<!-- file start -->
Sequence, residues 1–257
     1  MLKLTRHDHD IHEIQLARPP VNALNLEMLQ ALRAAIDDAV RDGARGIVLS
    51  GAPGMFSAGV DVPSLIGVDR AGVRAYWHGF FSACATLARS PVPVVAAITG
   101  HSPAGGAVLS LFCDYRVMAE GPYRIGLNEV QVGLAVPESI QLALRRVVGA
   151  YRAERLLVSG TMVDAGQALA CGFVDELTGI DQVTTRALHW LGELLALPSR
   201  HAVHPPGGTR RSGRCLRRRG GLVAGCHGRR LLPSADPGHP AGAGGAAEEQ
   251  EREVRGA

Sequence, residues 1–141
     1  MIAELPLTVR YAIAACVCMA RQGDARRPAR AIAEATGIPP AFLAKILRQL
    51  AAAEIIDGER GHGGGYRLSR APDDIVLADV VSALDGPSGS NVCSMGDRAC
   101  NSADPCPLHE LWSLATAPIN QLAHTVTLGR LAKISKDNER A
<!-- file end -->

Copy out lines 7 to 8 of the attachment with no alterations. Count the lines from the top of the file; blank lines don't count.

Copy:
   251  EREVRGA

Sequence, residues 1–141